Oculocutaneous Albinism (OA)



Oculocutaneous Albinism

Turnaround: 3-5 days

US: $45.00 | UK: £40.00

Breeds: Doberman Pinscher, Mixed Breed, Unspecified

Description

In Doberman Pinschers, 4,081 base pairs deleted in the SLC45A2 gene (a gene that controls melanoma, a skin pigment) causes a recessive form of Oculocutaneous Albinism (OCA). OCA is an autosomal recessive trait. Autosomal recessive traits are traits that can be passed from either parent and require two copies of the gene to show symptoms. OCA causes a deletion in pigment from the dog and causes albinism. Albinism is characterized by a “white” coat color and pale eyes.

Dogs affected must have two copies of the mutated gene, one coming from each parent. Dogs with one copy are considered carriers. They display normal coat colors but can pass the mutation onto 50% of their offspring. 

The mutated SLC45A2 gene that causes Oculocutaneous Albinism is also associated with additional health problems. These include photophobia (light sensitivity) and melanocytic tumors.

The American Kennel Club registered the first white "white factored" Doberman Pinscher (WDP) in 1976. The first registered white Doberman was Padula's Queen Sheba. Sheba inherited two copies of the "white" mutation, one from Rasputin VI and one from Dynamo Humm. The popularity of the white coat color resulted in extensive line breeding to develop White Doberman Pinschers.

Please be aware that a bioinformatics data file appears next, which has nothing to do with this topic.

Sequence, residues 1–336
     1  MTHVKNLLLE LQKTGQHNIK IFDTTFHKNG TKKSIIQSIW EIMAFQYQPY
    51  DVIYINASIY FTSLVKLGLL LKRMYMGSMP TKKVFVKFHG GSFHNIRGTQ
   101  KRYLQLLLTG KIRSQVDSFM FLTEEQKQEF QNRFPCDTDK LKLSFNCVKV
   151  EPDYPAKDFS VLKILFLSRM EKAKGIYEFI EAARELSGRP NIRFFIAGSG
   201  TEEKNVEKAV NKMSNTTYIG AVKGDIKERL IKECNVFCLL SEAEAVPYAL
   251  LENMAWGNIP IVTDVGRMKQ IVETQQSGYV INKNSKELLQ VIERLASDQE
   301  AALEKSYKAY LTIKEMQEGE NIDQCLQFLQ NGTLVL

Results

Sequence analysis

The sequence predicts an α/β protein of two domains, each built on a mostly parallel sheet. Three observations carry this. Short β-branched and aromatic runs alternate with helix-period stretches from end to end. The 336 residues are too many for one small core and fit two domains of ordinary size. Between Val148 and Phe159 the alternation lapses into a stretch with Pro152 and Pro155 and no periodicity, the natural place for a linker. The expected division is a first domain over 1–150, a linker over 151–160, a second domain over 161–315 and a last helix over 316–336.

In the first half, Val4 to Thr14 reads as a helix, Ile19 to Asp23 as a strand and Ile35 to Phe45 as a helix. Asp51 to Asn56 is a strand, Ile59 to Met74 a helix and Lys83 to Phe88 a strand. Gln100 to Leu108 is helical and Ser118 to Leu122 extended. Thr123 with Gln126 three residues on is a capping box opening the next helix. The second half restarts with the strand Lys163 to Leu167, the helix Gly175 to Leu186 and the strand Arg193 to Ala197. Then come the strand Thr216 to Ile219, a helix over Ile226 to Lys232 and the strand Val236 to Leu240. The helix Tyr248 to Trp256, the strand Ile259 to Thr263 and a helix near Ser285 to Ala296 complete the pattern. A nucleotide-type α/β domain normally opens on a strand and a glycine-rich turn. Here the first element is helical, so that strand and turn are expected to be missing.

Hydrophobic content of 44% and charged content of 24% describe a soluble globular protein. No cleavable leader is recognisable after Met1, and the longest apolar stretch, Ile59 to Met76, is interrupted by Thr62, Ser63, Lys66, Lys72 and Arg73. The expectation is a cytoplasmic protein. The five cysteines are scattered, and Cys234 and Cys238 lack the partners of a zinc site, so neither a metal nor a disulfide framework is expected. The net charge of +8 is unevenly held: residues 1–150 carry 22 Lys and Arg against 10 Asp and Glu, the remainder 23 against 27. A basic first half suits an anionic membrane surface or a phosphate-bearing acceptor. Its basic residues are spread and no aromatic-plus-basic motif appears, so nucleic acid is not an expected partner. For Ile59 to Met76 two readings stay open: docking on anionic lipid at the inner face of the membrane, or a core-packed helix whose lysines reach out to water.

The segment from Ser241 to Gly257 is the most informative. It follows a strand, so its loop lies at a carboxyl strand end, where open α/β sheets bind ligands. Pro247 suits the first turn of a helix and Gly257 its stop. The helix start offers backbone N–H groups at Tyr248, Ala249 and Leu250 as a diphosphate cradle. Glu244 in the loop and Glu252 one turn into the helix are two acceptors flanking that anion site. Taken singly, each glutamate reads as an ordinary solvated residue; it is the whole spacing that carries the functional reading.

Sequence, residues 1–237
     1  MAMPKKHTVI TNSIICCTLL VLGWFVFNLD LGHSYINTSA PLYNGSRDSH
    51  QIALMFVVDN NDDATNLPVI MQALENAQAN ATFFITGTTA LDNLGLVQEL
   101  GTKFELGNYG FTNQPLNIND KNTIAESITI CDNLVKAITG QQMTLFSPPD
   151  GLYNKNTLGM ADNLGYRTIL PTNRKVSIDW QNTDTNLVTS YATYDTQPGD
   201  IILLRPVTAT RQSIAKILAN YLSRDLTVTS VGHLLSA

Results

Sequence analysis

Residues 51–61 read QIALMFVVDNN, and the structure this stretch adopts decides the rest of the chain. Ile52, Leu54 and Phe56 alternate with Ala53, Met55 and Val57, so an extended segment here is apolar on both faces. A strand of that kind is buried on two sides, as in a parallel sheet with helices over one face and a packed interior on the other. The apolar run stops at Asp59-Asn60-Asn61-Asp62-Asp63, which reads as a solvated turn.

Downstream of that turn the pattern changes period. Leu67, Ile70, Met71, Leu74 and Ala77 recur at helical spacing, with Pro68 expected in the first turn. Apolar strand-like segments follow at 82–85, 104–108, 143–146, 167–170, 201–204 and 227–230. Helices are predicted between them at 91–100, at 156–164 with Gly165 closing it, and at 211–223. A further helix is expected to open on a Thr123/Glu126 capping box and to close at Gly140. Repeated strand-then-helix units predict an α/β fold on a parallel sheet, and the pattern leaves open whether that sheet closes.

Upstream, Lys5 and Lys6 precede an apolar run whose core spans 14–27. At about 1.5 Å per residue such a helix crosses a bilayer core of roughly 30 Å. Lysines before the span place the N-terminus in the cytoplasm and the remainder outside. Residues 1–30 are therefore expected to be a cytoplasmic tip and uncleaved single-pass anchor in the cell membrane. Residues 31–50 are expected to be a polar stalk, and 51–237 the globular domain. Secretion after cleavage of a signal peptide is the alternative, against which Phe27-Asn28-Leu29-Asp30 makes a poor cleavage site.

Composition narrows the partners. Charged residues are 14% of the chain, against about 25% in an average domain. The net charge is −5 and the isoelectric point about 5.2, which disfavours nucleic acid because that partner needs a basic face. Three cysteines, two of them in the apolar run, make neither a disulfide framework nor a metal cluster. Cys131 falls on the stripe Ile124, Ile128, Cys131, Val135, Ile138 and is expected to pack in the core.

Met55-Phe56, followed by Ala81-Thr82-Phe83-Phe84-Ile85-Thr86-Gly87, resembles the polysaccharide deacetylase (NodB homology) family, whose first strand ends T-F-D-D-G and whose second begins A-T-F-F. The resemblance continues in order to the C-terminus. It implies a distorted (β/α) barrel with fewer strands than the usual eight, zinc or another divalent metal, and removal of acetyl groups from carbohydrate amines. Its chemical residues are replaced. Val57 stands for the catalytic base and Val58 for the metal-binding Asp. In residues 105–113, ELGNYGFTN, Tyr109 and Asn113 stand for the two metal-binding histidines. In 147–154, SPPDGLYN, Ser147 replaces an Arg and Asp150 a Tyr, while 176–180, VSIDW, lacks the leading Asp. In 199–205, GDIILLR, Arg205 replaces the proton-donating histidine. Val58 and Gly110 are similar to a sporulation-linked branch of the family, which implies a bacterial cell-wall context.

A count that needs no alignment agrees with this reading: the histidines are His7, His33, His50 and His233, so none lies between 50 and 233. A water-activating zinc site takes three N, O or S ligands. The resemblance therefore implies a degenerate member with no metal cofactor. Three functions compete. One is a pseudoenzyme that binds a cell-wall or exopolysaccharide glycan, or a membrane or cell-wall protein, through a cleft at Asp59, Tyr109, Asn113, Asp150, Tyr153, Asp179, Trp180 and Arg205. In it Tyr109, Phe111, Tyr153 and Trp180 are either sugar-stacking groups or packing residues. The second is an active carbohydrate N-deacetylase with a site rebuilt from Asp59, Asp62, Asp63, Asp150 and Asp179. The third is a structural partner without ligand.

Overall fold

The AKC established a tracking system called a "Z list," in 1996. The letter "Z" became part of the registration number. This allowed breeders to identify normal-colored Dobermans that carried the albino gene.

People interested can view a public list which tracks back to Sheba's (the first Albino Doberman registered) parents is available here. This list is not 100% accurate and may not be complete. Genetic testing of a dog can confirm a carrier state.

Possible Results

Genotype Description
OA/OA Affected: Dog has two copies of the OA mutation and will be affected. The gene will always be passed on to every offspring.
n/OA Carrier: Dog has one copy of the OA mutation. Dog will not be affected by OA but may pass the mutation to offspring.
n/n Clear: Dog is negative for mutation associated with OA.

Reference

Winkler PA, Gornik KR, Ramsey DT, Dubielzig RR, Venta PJ, Petersen-Jones SM, Bartoe JT. A partial gene deletion of SLC45A2 causes oculocutaneous albinism in Doberman pinscher dogs. PLoS One. 2014 Mar 19;9(3). [PubMed: 24647637]